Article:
Campbell’s “Healthy Request” soups meet these criteria. Those filing the lawsuit however, claim that the AHA’s sodium cut-off is not consistent with its recommendations to limit daily sodium intake.

A single serving of Campbell’s “Healthy Request” condensed chicken noodle soup for example has 410 milligrams of sodium. That’s obviously within the AHA criteria, so what’s the problem?

The serving size.

There are actually 2.5 servings of the soup in each can. One can contains over 1,000 mg. of sodium which is over two-thirds of the 1500 milligrams the AHA recommends for daily sodium intake.

The class action lawsuit is acknowledging the fact that the typical consumer isn’t going to eat a half can of soup for lunch. They’re more likely to consume the entire can. Campbell’s and the AHA can argue that the serving size doesn’t contain the maximum of 480 mg of sodium, but consumers are ingesting much more than that whenever they eat the entire product. And that’s what makes the certification misleading. The lawsuit seeks to change the soup-can labeling and compensate those who bought the soup under false pretenses.
“This is not a food-police kind of lawsuit,” Levitt said. “The issue here is about whether a major, major food company in the United States, as well as a leading heart health organization, can lie to the American public.”

In a videotaped response, the chief science officer for the American Heart Association said the organization will fight the lawsuit. “The claim in the lawsuit is inaccurate and false and it’s not even plausible,” said Dr. Rose Marie Robertson. “Our ‘Heart Check’ mark helps consumers make smarter choices about the foods they eat. It is not deceptive or misleading.”

The AHA’s Science Officer also said the “Heart Check” criteria and AHA’s general nutritional guidance are both available to the public. In a written statement, the organization emphasizes it recommends an average of 1500 mg of sodium or less per day. And not all foods must be low sodium to fit in a heart healthy diet.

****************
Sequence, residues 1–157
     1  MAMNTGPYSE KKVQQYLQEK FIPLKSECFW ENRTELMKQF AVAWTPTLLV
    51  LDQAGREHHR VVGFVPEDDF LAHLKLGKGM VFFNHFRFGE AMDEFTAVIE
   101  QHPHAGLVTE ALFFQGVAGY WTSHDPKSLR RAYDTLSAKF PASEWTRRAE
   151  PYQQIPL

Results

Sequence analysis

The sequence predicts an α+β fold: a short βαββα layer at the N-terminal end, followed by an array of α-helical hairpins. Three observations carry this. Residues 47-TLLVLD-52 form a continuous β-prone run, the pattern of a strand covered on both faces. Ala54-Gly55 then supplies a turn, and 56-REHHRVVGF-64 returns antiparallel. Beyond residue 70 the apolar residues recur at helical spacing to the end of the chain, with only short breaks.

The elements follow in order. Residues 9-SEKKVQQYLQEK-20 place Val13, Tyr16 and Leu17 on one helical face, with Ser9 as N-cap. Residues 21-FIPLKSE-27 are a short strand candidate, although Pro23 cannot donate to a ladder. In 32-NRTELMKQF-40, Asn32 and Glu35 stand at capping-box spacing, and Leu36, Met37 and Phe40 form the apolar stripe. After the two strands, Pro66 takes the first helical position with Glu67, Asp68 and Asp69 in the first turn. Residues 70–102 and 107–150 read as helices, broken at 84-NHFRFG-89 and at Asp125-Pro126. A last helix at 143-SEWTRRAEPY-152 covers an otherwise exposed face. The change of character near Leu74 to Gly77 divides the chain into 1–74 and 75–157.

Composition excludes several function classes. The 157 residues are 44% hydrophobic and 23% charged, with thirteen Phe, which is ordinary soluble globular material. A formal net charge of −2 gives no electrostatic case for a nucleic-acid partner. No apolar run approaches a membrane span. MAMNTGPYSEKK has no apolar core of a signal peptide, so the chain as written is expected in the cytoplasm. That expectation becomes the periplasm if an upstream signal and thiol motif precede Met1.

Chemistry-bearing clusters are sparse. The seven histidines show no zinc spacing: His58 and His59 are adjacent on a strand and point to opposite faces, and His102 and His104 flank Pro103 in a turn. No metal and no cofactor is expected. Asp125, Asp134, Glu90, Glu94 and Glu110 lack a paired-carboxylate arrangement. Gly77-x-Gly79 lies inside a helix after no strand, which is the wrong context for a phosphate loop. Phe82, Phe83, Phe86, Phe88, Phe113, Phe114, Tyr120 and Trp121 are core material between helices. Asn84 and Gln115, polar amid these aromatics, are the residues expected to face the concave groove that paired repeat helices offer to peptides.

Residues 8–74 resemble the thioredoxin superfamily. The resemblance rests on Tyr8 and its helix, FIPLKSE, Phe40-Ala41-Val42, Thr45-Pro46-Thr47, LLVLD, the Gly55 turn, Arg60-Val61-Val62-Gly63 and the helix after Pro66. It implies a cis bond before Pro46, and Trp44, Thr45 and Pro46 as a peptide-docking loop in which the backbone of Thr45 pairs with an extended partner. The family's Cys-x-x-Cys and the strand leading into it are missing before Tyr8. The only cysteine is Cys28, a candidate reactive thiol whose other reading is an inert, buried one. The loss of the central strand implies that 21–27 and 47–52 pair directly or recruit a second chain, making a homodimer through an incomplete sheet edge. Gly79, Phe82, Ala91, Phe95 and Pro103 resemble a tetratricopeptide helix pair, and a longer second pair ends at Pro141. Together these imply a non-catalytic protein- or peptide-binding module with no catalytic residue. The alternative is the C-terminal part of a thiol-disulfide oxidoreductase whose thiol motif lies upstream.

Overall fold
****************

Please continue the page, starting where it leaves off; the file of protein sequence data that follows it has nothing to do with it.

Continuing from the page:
FoodFacts.com weighs in on this subject from a very definite viewpoint. We certainly think that it’s possible that many manufacturers are aware that their products are not being consumed according to the serving sizes listed on the packaging. That’s how some nutrition labels can read 0 in the Trans Fat column, even though they contain partially hydrogenated oils. And how some soups can qualify as “lower sodium” or “heart healthy” when they really aren’t. Half a cup of soup for lunch can make for one hungry human by three o’clock in the afternoon. And we’re really doubtful someone is saving the rest of the can for the next day.

We’re not sure what will happen with this class action suit. The AHA clearly states its requirements and recommendations (and these products are within those guidelines.) Campbell’s clearly states on its label that one serving (which contains 410 mg. of sodium) is half a cup. Both AHA requirements and Campbell’s labeling may, in fact, be misleading – but they aren’t lying. They’re using some tried and true sales techniques that get consumers to think something about a product that isn’t exactly a lie – and isn’t exactly the truth either. You very well could consume only 410 mg. of sodium – but you may easily consume more.

Should that kind of labeling be legal? Is it misleading? Does it deserve Heart Check Certification? FoodFacts.com thinks that there are better questions to ask like “What do certifications like Heart Check actually mean for consumers and should we trust our health to symbols that may or may not mean what we perceive?”

http://chicago.cbslocal.com/2013/11/01/suit-campbells-heart-organization-misled-consumers-over-soup-salt-content/

Walnuts reduce health risks for overweight adults

While FoodFacts.com understands that we are far from reversing the obesity crisis and reducing the number of those who are overweight or obese globally, we try to keep up with information that may make a difference for those affected. There are many health risks associated with being overweight, mainly diabetes and heart disease. Today we found positive research regarding a simple dietary addition that may help those who are overweight avoid these difficulties.

Medical researchers from the Yale-Griffin Prevention Research Center in Connecticut have found evidence suggestive that adding walnuts to one’s diet can protect against diabetes and heart disease in at-risk individuals.

For the study, a sample of 46 adults aged 30-75 were selected. Participants had a Body Mass Index larger than 25, and a waist circumference exceeding 40 inches for men and 35 inches for women. They were also required to be non-smokers, and all exhibited one or more additional risk factors for metabolic syndrome, a precursor of diabetes and cardiovascular disease. The group was randomly assigned to two 8-week sequences of either a walnut-enriched diet or a diet without walnuts. Those chosen for the walnut diet were instructed to consume 56g of shelled, unroasted English walnuts per day as a snack or with a meal.